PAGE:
In Recep Tayyip Erdoğan’s post-coup purge of any person or institution with the slightest opposition to his authoritarian rule, he has closed down 187 media outlets under the guise of being Gülenist – a synonym for any Turk not kneeling at the feet of his Justice and Development Party (AKP).
Even before the summer 2016’s short-lived coup, the Turkish president embarked on a war against free speech. Bugün TV, which was stormed two years ago by government forces unleashing tear gas, water cannons and gate cutters, was seized by the regime “to prevent crime.”
In July, protesters threw rocks at the Neve Shalom synagogue in Istanbul and kicked the doors in a fit of, as many anti-Semities call it, anti-Israel sentiment. It’s not a surprising turn of events under a regime where anti-Semitism is a feature, and the Islamic moderate Imam Gülen is a boogeyman connected to “must be the Jews” as well.
Pro-Erdoğan media have claimed that exiled Muslim cleric Imam Fethullah Gülen must have Jewish lineage, thereby putting Jews at the center of the supposed coup plot. “Fethullah Gülen is sharp witted. He quickly smells of money and power. Because he is a Jew. That’s the reason he loves Israel almost to the point of sickness,” Sabah columnist Ersin Ramoğlu wrote in December. “…Where his cunning comes from, why the CIA has gotten hold of him and his love of Israel can be understood from the family of this clown.”
Forestry Minister Veysel Eroğlu, in a December parliament speech, predicted Gülen would die in the U.S., where he has lived in self-imposed exile since 1999, “and he will be buried in a cemetery with Jews.” The party refrain on Erdoğan’s top foe is that a Turkish moderate Muslim traitor must equal a Jew.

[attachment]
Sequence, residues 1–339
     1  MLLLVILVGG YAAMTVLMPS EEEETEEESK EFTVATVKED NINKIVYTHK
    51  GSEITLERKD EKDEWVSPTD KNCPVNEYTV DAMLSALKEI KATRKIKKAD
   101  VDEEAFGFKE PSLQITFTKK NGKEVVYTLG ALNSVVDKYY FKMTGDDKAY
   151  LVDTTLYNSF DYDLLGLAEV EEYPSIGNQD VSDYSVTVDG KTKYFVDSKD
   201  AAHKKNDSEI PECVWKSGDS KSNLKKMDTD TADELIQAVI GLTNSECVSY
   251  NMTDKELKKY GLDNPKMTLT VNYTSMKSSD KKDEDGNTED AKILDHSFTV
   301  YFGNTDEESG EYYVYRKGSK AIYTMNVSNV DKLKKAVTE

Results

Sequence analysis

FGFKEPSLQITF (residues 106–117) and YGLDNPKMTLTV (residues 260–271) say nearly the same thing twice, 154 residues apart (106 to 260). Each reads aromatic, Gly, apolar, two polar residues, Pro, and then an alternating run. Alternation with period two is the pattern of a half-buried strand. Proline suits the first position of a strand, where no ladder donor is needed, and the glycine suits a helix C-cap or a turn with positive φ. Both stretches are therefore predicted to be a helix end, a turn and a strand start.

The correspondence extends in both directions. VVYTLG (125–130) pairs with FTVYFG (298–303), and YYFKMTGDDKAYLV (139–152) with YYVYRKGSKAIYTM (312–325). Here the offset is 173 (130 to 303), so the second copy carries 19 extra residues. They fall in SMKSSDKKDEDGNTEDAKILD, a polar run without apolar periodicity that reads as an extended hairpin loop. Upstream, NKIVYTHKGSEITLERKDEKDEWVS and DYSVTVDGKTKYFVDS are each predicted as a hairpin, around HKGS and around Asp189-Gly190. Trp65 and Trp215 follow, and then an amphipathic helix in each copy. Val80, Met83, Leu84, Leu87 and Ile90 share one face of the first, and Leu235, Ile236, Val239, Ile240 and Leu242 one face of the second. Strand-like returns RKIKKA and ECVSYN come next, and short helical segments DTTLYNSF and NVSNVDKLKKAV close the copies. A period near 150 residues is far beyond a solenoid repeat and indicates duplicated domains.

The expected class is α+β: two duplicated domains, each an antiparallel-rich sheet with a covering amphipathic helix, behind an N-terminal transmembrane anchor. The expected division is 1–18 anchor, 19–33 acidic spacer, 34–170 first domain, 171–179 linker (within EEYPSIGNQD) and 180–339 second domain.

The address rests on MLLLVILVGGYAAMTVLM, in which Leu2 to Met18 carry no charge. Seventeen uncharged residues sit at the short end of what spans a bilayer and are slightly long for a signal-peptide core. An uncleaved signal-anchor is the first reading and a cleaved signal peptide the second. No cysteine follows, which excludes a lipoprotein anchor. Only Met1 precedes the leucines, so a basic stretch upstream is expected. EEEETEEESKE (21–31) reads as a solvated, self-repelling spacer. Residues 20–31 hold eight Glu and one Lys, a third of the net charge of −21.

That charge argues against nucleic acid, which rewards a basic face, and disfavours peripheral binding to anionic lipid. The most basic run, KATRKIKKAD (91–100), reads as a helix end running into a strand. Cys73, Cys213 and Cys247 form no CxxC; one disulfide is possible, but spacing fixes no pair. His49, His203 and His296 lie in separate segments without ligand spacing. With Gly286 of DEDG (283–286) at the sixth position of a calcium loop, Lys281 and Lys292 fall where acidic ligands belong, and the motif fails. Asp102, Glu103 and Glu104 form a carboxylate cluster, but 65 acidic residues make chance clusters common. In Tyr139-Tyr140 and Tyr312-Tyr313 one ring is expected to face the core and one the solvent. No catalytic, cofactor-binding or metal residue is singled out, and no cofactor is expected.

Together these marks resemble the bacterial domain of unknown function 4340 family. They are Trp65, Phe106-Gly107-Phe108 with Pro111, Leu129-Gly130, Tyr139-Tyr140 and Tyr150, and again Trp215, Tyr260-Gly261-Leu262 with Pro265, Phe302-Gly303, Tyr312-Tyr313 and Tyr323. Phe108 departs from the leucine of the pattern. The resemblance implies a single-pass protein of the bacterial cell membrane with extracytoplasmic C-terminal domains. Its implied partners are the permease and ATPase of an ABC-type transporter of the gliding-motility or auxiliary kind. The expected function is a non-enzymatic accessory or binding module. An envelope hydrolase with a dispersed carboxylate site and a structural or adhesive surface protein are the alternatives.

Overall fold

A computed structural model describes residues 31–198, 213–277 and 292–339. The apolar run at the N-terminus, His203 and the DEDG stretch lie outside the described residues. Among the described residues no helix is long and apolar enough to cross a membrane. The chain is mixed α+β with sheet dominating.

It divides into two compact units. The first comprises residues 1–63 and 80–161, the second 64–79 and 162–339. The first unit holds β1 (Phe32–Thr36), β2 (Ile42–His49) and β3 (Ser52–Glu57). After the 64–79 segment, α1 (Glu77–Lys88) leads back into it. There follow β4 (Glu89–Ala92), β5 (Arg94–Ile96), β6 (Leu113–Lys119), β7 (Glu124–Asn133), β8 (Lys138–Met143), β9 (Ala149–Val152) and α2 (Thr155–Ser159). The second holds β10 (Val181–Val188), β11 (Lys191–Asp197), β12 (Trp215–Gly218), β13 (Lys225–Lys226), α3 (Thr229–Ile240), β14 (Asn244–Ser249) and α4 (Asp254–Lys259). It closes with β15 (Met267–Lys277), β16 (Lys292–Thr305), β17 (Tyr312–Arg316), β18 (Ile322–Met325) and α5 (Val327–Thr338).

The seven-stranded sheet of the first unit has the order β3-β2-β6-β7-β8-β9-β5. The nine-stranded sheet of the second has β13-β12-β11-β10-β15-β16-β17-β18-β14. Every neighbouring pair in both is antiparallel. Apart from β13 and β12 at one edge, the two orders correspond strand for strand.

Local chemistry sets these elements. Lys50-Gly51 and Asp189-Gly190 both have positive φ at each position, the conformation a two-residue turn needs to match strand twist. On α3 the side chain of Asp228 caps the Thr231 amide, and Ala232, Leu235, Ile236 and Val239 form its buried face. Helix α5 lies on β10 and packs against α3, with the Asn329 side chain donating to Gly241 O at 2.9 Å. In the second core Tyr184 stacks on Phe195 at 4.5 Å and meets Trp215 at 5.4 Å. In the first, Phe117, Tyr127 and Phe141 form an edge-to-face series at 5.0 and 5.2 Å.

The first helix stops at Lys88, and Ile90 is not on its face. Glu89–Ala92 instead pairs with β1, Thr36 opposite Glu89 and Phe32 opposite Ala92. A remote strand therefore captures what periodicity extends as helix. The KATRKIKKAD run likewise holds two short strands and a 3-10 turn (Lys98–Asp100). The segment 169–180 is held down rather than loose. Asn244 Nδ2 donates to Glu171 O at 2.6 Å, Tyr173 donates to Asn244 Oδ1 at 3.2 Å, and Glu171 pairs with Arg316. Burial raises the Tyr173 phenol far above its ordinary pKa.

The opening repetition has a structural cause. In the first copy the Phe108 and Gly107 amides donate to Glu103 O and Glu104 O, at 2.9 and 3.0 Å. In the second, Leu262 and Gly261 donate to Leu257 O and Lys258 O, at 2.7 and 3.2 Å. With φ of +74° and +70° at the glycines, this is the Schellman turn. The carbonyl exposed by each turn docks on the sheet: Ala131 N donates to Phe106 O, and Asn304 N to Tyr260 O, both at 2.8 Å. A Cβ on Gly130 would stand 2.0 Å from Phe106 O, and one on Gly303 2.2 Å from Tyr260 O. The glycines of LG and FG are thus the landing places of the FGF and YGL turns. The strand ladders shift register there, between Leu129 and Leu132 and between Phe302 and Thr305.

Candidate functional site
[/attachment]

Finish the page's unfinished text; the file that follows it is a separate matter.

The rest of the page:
Before Kurdistan’s independence referendum at the end of September, pro-Erdoğan media started spreading fake news that KRG President Mahmoud Barzani planned to flood a new Kurdish state with 200,000 Israelis. That whipped up an ultra-nationalist protest that forced the evacuation of the Israeli Embassy in Ankara.
Pro-Erdoğan media breathlessly carry the president’s Rosh Hashanah best-wishes statements, but Iran’s regime issues those empty felicitations as well. Turkey praised the reconciliation of Hamas and Fatah this month, with Erdoğan spokesman Ibrahim Kalın declaring, “Israel should end its siege on Palestinian lands and avoid any movement that would harm the reconciliation process.”
On a delegation to Tehran, Hamas deputy chief Salah al-Arouri confirmed, “We’re not in the stage of recognition [of Israel]; rather we are now in the stage of preparing to eliminate the Zionist entity.”
Erdoğan has accused the Jewish state of “keeping Hitler’s spirit alive.” In May, the president said of Israel, “They [Israelis] feel they are immune to any punishment for their crimes, but the international community needs to stand up against them.”
The Jewish community in Turkey is now fewer than 17,000 people. As Erdoğan pushes Islamism into Ataturk’s secular republic, as he holds onto power with a white-knuckle grip, as he arrests 60,000 Turks for perceived threats to his power and accuses them of all being magically woven into a Gülenist ouster plot – and his acolytes dutifully tie Gülen to Jews – the community has much to be nervous about.